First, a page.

Space between individual letters and/or numbers.

Keyboard Lettering

Also called Lettering. Embroidery using letters and/or words generated by embroidery software. Generally, the user of the program will have at least some control over letter styles, size, height, density, etc.


The space generated between lines of text.


See Keyboard Lettering

Light Fill

Embroidery fill area containing a low stitch density resulting in more distance between parallel running stitching.

Lip Hooping

Also called “Recessed Hooping”. A method of hooping bulky or slick fabrics, in which the inner ring is pushed past the edge of the outer ring, so that the outer ring sticks up higher, forming a lip. This method of hooping helps to prevent the inner ring from popping out during the embroidery process and also helps to place the item being stitched, closer to the needle plate.

Lock Stitch

Also called Tie-Off or Tie-In.

A series of consecutive stitches placed close together to prevent stitches from pulling out. Normally used prior to a trim in all fill, column or running stitches but in some cases may also be desirable in starting stitches as well. Most embroidery software and many machines will give the user lock stitch options such as number of stitches and in some cases, lock stitch pattern as well.


A defined and recognizable company, organization, club or group name and/or symbol.


Erratic stitching which, leaves loops of upper thread on the top surface of a stitchout.

There are a number of causes but most often, it will be the result of top thread tension too loose, design stitch density too high or needle size too small.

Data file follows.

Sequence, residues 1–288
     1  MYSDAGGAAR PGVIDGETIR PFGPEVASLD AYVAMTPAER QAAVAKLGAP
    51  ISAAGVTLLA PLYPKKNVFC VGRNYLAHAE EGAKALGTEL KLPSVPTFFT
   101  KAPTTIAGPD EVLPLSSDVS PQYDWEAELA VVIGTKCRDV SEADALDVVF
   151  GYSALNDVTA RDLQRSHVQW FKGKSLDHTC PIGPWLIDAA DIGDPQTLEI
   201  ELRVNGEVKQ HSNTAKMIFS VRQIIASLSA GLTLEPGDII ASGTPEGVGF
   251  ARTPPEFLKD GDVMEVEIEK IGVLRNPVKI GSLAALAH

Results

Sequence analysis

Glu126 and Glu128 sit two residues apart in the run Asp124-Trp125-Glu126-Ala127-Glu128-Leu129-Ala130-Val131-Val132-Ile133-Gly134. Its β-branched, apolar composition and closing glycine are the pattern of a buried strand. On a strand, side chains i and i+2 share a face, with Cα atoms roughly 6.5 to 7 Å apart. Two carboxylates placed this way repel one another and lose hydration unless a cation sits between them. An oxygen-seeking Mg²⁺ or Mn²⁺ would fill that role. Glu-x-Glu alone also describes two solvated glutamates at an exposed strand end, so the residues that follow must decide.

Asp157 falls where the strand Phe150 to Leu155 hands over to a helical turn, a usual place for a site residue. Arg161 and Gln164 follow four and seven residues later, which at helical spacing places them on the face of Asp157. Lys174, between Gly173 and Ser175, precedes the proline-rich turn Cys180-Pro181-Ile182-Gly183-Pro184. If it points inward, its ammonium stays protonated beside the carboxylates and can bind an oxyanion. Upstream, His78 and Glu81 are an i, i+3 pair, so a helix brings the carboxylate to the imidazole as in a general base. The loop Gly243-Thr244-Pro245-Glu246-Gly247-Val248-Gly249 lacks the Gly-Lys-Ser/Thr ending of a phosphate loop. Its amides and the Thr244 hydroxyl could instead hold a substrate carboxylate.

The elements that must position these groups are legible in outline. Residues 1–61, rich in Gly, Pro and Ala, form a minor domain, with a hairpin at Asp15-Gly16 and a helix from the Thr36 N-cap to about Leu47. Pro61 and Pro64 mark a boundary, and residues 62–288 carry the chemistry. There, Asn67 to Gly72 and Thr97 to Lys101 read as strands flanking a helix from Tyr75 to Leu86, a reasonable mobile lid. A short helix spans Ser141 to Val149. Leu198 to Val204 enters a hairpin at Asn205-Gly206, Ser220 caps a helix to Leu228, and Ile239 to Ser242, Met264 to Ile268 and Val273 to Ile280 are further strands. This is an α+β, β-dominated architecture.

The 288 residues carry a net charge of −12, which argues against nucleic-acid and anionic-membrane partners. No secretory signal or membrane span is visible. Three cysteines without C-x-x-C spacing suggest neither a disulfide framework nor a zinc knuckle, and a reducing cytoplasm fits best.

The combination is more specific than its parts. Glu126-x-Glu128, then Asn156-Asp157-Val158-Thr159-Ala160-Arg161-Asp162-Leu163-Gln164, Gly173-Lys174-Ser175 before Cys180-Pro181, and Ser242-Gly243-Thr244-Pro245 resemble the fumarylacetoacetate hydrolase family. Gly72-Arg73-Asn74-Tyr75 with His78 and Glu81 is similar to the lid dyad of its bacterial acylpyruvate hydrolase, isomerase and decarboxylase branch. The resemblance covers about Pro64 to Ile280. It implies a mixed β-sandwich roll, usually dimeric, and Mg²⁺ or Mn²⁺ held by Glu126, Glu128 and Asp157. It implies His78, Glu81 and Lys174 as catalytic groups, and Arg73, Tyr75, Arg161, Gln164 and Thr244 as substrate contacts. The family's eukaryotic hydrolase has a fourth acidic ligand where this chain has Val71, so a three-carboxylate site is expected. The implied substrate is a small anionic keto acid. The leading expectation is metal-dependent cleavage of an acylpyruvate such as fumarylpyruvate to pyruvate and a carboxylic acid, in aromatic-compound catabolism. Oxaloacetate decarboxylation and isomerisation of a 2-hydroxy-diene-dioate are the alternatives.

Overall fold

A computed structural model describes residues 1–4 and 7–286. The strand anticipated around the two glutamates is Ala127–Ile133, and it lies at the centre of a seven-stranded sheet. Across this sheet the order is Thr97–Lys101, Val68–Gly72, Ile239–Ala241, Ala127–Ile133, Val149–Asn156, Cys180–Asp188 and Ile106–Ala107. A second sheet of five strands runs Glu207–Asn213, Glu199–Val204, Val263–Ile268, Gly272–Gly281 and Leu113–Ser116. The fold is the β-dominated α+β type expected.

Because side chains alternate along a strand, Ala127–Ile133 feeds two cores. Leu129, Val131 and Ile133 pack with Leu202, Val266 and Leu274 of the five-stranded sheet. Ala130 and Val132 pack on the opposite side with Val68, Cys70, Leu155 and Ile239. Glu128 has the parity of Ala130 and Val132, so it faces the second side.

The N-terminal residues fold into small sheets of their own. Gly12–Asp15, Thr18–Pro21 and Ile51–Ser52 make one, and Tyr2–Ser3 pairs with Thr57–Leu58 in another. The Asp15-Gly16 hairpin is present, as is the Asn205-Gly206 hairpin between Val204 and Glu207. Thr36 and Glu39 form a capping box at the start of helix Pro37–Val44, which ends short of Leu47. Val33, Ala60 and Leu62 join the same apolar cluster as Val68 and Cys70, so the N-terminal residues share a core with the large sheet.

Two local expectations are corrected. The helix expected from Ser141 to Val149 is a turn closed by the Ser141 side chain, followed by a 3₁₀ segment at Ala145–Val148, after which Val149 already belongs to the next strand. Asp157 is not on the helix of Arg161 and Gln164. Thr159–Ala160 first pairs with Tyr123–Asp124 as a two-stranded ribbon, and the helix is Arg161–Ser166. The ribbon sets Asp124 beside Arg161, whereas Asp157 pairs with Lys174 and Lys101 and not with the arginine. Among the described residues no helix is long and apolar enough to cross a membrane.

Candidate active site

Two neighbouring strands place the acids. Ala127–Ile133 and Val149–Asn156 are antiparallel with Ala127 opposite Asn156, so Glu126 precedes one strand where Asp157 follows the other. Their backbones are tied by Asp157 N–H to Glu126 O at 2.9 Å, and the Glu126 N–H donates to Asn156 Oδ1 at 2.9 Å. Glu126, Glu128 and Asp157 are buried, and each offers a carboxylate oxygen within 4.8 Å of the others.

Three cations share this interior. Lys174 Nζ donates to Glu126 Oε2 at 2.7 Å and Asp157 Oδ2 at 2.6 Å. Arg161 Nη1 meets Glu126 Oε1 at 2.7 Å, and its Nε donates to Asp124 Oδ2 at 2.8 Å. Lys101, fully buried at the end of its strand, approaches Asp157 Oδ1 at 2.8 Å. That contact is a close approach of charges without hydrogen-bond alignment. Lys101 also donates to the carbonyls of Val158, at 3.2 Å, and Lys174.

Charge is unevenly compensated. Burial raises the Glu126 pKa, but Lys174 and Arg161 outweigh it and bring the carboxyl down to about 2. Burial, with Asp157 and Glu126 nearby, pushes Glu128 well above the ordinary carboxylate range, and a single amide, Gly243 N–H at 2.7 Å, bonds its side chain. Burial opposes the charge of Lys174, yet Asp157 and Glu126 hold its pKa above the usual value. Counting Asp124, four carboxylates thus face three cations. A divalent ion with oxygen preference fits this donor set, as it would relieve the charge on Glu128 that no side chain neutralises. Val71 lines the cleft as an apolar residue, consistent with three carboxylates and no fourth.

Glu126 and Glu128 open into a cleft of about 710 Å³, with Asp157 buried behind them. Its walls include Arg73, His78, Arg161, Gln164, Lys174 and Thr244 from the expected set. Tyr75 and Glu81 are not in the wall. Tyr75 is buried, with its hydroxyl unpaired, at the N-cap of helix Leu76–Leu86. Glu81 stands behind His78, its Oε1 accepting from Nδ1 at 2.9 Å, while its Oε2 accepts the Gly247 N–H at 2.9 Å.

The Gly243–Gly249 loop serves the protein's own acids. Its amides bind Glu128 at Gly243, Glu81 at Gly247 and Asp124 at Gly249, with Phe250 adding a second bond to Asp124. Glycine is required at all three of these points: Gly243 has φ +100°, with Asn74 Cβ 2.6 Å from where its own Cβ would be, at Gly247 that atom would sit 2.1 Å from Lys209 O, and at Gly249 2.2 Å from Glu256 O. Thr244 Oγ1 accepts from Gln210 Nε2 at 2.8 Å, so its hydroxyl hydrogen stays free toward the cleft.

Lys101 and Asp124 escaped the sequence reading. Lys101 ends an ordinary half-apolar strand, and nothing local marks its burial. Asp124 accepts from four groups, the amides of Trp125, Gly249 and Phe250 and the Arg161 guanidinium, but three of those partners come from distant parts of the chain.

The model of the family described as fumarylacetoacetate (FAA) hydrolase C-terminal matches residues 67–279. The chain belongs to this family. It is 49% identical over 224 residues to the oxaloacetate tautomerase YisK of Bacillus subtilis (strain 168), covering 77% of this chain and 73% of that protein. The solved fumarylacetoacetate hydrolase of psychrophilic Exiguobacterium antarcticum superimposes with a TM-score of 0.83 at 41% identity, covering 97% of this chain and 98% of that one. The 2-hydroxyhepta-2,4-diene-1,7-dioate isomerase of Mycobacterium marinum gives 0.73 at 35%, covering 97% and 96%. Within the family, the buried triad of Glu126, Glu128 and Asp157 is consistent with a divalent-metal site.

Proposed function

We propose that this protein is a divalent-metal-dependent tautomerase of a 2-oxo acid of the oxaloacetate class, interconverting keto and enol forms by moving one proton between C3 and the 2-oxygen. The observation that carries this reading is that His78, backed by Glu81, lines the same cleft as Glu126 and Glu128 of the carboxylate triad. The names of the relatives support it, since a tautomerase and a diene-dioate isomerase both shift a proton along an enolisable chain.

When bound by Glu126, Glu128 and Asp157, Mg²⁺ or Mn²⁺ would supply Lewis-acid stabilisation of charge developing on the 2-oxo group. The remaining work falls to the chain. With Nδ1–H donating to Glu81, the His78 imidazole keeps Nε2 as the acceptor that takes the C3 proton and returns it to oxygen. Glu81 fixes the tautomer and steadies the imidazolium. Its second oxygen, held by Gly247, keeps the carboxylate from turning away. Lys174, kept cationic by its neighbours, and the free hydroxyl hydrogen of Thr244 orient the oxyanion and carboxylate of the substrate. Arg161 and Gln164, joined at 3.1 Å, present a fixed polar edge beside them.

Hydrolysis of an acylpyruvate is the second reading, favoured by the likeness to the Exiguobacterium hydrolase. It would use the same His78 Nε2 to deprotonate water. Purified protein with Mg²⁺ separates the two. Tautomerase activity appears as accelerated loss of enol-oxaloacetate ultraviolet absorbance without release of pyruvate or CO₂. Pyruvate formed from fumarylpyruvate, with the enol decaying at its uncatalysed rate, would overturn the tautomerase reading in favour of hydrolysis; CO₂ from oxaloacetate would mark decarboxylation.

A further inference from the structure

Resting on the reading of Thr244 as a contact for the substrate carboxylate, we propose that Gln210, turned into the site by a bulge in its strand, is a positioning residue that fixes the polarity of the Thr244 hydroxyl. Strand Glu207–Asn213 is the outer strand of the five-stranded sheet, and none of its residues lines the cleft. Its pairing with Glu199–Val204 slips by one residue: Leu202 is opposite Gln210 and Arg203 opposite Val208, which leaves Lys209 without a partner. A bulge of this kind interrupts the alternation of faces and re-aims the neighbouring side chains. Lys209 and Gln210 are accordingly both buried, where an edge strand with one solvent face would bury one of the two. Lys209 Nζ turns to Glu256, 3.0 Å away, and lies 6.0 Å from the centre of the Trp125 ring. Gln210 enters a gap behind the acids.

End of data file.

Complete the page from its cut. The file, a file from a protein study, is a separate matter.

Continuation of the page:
Manual Stitch

A stitch which, is created manually, one point at a time.

Maximum Stitch Length

In embroidery software, it is the longest allowable length of stitch in a design and generally can be set by the program user.. In terms of machine function, it will be the longest stitch that the machine will make before performing a jump stitch.

Minimum Stitch Length

The shortest allowable length of stitch in an embroidery design. In most software, this value can be set by the program user.


An overlock type of stitch used to finish the edge of crests or patches. Applied by a special sewing machine called a merrowing machine.


Embroidered design normally composed of three or less letters which, usually representing initials in a name.

Moss Stitch

The looped portion of a chenille stitchout. The height of this loop is determined by the needle height.


A group of stitches which, can be stored, recalled and duplicated during the creation of a design. Often used for creating borders or specific patterns within a given area.

Narrow Cylindrical Frame

See Cylindrical Frame.


Small, slender piece of steel composed of a thicker shaft at the top to accommodate installation in a machine and hole for thread near the bottom. A point which, is sharpened to varying degrees depending on the particular needle is located at the bottom tip. Needles are available in many different sizes and types.

Needle Plate